Theme — “Answering the Call of October 17 to end poverty: A path toward peaceful and inclusive societies”
This year marks the 25th anniversary of the declaration by the UN General Assembly designating October 17th as the International Day for the Eradication of Poverty.
In the lead-up to October 17th, we offer a reflection on what this International Day means by Sr. Sheila Curran RSM, Justice Coordinator, AMRI-Association of Leaders of Missionaries and Religious of Ireland.
As a foreword to her reflection, Sr. Sheila offers the following preamble:
Despite the good work of many NGOs and faith based organisations around the world, poverty is on the increase. UN Statistics offer the following facts:
836 million people still live in extreme poverty;
About one in five persons in developing regions lives on less than $1.25 per day;
The overwhelming majority of people living on less than $1.25 a day belong to two regions: Southern Asia and sub-Saharan Africa;
High poverty rates are often found in small, fragile and conflict-affected countries;
One in four children under age five in the world has inadequate height for his or her age;
65.6 million People had to abandon their homes to seek protection due to conflict or climate change.
According to the Central Statistics Office (CSO), one in six people in Ireland are at risk of poverty, and 105,051 people are living in poverty in Ireland.
Pope Francis in Evangelii Gaudium (The Joy of the Gospel), tells us that we are not exempt from concern for the poor and for social justice (201). He calls us to hear the cry of the poor to really see their poverty, hear their cries and know their sufferings (191). It is only when we really do hear their cry, truly see their poverty and, in our hearts, know their suffering that we can work in solidarity with them in their struggle for justice. It is the unequal distribution of resources along with decisions which favour the rich rather than the dignity of each human person and the pursuit of the common good (203) that are at the heart of all economic policy.
Pope Francis seeks a Church which is poor and for the poor. He is not referring to the building but to all of us who make up the people of God. The only way this can happen is when we let the poor evangelise us, then and only then, will we act differently.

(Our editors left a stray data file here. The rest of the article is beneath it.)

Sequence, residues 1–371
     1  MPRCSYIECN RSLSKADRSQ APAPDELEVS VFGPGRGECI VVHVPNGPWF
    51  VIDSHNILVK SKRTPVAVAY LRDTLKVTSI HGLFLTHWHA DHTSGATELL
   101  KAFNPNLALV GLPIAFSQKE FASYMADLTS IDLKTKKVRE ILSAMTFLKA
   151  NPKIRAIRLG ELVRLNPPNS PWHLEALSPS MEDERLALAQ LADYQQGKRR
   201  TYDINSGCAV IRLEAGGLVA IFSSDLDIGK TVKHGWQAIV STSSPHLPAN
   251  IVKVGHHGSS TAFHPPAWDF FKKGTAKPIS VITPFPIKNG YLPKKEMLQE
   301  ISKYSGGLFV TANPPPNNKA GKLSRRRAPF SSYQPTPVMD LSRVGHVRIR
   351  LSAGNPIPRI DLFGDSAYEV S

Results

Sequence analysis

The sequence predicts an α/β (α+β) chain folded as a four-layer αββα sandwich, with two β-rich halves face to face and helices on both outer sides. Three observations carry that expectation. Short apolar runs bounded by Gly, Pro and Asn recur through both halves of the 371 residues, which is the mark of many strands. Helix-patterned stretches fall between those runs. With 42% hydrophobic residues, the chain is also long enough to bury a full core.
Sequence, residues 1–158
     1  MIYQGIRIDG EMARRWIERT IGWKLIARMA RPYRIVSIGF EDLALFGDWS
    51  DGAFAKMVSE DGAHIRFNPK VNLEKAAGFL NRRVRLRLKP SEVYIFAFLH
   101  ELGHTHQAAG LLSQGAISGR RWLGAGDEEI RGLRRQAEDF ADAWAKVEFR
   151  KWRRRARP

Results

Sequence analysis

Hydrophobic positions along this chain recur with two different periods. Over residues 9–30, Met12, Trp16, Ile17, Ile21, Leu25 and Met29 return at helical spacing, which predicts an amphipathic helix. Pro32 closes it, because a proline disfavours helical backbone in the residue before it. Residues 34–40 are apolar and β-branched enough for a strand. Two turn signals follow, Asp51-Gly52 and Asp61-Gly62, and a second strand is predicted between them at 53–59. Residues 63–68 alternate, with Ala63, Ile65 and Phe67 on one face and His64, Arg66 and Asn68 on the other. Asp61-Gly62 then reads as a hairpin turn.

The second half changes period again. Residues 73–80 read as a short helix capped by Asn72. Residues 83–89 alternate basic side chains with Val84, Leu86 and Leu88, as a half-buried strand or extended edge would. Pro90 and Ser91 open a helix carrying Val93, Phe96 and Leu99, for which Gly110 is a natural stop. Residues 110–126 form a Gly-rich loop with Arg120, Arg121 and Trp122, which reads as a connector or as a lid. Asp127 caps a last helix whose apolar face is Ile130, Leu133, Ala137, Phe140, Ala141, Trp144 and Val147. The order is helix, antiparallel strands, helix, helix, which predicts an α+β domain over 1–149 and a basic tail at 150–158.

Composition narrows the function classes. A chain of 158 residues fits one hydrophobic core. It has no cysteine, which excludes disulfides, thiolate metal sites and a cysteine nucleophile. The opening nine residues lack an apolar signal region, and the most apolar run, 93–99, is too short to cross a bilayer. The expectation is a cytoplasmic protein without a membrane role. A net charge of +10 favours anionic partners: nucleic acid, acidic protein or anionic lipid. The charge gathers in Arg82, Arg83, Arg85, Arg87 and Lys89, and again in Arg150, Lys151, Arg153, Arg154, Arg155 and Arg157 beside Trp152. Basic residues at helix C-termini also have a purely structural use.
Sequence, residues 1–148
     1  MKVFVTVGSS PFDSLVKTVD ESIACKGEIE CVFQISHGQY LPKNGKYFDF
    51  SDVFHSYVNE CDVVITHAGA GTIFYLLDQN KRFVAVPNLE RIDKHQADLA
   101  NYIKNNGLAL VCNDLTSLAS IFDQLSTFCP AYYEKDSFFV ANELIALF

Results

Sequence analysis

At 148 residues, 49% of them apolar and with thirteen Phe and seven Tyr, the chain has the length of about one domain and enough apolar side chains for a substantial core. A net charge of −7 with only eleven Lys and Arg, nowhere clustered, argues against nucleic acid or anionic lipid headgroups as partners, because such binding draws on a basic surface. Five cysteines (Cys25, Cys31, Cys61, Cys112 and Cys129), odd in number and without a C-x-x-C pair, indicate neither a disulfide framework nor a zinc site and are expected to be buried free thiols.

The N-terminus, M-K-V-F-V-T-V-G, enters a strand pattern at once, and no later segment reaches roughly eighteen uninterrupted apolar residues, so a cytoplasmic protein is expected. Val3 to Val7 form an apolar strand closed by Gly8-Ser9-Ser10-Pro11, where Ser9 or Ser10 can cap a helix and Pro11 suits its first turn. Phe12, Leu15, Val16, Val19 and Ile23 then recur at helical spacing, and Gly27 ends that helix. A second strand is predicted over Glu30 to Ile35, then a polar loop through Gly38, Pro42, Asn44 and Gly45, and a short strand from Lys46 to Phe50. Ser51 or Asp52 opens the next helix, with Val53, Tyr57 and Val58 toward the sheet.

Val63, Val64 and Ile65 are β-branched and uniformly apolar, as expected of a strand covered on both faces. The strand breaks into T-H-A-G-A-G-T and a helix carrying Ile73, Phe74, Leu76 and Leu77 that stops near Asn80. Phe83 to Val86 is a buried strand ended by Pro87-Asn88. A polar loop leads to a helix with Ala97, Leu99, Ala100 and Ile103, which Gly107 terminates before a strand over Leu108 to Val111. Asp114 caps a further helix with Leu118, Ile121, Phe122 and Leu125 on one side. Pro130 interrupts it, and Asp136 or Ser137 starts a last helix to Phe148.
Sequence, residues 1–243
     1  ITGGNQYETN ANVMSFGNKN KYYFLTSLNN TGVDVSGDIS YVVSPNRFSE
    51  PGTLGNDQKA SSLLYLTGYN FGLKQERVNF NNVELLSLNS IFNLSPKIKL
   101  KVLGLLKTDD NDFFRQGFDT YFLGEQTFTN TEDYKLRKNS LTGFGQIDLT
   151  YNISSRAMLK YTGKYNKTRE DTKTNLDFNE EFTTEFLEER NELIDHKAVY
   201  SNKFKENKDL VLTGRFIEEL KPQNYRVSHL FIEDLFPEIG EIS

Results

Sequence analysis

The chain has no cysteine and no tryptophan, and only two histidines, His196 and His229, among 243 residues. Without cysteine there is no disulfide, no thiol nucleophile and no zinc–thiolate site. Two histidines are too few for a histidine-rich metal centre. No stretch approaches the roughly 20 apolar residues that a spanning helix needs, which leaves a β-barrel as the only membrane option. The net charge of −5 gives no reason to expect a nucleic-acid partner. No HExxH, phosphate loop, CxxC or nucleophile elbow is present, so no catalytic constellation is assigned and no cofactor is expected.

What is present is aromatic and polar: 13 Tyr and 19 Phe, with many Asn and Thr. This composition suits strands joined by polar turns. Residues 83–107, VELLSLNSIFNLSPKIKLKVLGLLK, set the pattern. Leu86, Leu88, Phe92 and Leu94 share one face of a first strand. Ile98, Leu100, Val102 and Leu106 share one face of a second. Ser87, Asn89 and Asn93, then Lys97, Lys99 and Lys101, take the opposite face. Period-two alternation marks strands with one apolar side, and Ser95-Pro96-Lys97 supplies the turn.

Over 50 years ago at the end of Vatican II a number of bishops signed a document called the Pact of the Catacombs, which carried within it, a commitment to return to the Gospel of Jesus Christ, abandoning the trappings of the institution and becoming once again a poor servant church, for and with the people. If you click here, there is a video which I offer for your reflection on the pact of the catacombs.
As we reflect on this document may it energise us to work in solidarity with each other to become a Church which is poor and for the poor, both in what we say and in what we do.
Sheila Curran, AMRI Justice Desk.
To see a selection of how groups around the world will mark 17 October click here.
EVENTS in Dublin to Mark the UN End Poverty Day:
The national event to mark the annual UN End Poverty Day will again take place this year at the Human Rights and Poverty Stone, on Custom House Quay, Dublin 1.
It will include the symbolic launch by Ambassador David Donoghue of 17 Global Goals Boats on the Liffey. Guest speakers will be delegates from communities facing persistent poverty in Ireland, the Lord Mayor of Dublin, the French Ambassador and the 17 builders of mini-boats.
Artistic workshops will be facilitated from 10am on site.
Formal ceremony will start at 11am sharp.
The gathering will be the Irish finale of the international #StopPoverty Campaign and the opportunity of the launch of an Irish Call to Action: “Let’s Walk as One to #StopPoverty”
The event will be live streamed and people who can’t attend will be able to join via the Web TV accessible by clicking here.
Details about the UN End Poverty day and its observance in Ireland can be found by clicking here.
No Hunger, No Poverty Candlelight Vigil and Chain of Lights by Irish 17 October Committee
In a symbolical walk, a human chain of lights will be created on Custom House Quay between the Famine Statues and the “17 October Human Rights and Poverty Stone” to link:
– The Zero Hunger Day (World Food Day) and the International Day for the Eradication of Poverty (16 and 17 October)
– Goal 2 and Goal 1 of the 2030 Agenda, see www.globalgoals.org
– Past and Future generations
This event will be a way to call on all citizens to contribute to the achievements of these ambitious goals and to ensure that no one is left behind. A giant banner of 32 meters with the message “No Poverty – Leave No One – No Hunger” will connect the two memorials.
Faith leaders, including Father Peter McVerry, will attend this gathering to show solidarity in silence, meditation or prayer with those still trapped in poverty and hunger.
During the event, ATD Ireland will launch the 2017-2018 “#LeaveNoOneBehind Conversations” project supported by Concern.